Co2Land org agrees that too many variables are involved, and then notes two other people advocating for the CFI saying: “None of the methodologies applicable to general farming, that we have examined so far, appear to have net positive financial benefits. Some can lead to substantial unknown liabilities in the future or limit land use in overly prescriptive ways. If I am wrong in this please correct me, and show me where it does work and I will be happy to spread the good news”. And, “I am a farmer (even if less active than I would like) and all the ones I know are not only not ready to adopt but are only following the program with peripheral interest until such times that they are satisfied something of genuine benefit to their own operation has become apparent. Many I have talked to see it as another under handed greenie grab for the land, some of the prescriptions on approved methodologies certainly seem lifted from this camp. Methodology development using all our substantial ‘in house’ skills and resources we estimate to still cost in excess of $100,000 with no guarantee of success “(source identified as PK). Then source LK – not related, said “Many unresolved issues remain, however moving ahead is better than waiting for the ‘perfect’ answer in my view. Just wish for political consistency at this end – the fact that State Coalitions have stripped climate change policies bare is of most concern to me.”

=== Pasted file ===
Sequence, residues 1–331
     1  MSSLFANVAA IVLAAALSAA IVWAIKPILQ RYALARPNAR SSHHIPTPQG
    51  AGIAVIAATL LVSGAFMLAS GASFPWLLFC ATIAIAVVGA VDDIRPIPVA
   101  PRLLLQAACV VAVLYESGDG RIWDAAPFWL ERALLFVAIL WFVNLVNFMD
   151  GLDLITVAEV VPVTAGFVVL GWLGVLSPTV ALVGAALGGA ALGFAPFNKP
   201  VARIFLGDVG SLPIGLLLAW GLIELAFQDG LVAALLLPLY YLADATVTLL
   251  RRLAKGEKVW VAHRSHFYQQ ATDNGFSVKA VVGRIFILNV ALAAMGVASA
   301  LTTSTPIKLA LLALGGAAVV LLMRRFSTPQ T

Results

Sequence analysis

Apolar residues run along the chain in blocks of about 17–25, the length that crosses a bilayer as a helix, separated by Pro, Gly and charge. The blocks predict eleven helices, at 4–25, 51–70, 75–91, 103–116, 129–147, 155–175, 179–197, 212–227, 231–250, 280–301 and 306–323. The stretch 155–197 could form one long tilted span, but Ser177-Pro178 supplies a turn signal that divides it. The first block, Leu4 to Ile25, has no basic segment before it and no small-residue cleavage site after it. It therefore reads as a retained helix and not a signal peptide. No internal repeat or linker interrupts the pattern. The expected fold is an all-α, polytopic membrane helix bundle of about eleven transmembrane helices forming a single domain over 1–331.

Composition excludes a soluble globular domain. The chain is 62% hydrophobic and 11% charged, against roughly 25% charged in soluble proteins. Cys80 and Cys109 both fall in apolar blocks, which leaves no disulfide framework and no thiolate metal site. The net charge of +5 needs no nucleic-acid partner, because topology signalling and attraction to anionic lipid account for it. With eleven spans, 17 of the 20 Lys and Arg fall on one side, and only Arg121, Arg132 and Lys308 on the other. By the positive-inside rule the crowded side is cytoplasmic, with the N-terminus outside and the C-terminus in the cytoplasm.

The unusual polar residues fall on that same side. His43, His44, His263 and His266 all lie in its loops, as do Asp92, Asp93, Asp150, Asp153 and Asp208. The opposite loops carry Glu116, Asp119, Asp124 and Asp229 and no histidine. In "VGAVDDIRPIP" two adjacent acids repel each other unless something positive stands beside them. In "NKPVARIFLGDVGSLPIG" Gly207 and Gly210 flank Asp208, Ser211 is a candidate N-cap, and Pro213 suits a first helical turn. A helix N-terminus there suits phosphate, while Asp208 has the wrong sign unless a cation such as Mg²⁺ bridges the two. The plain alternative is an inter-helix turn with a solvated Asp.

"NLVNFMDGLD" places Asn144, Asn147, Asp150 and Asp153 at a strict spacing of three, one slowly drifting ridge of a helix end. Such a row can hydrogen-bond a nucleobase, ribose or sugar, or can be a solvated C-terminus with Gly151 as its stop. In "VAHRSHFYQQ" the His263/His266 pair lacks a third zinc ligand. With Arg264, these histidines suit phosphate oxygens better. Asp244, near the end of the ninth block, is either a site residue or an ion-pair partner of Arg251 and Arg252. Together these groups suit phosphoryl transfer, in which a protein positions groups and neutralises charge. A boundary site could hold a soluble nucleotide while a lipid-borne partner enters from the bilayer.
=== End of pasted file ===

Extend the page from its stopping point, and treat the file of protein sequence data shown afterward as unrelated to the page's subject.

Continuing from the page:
In all this there does seem to be agreement that for farmers, environmental planting does not pay a sufficient return to justify the investment on carbon alone. NC also said “It is also considered that the RMT tool (modeling tool) is deliberately using carbon sequestration estimates well below average because no direct sampling is required for audit”. Possibly this is an oversight, maybe not? In this approach they have taken an ultra conservative approach and the indications are these carbon estimates are so low it is not economical to do it – participate in the initiative that is! So it remains only one of those methodologies remain with few takers. Even the CSIRO was showing how low these estimates are for the RMT. Reported is the government has taken a decision to use the lowest rates possible for landholders carbon sequestration from tree planting. A good source of this view is https://twitter.com/CountryCarbon/status/332655918254792706/photo/1 They go on to say: ”In simple language the govt will only recognize extremely low carbon sequestration rates regardless of what happens on the land. It is not even the mid-point average. So that farmers would earn very few carbon offsets. Therefore they say, why bother? Most of the extension and outreach to date talks about tree planting or piggeries. (Piggeries are a different question). Most projects approved are all about landfill projects and they are town councils.” They also say: “It actually has less to do with government cut backs or Coalition vs Labor politics and more to do with implementation”. More than one providing input say it may be just a simple matter as readjusting the RMT tool.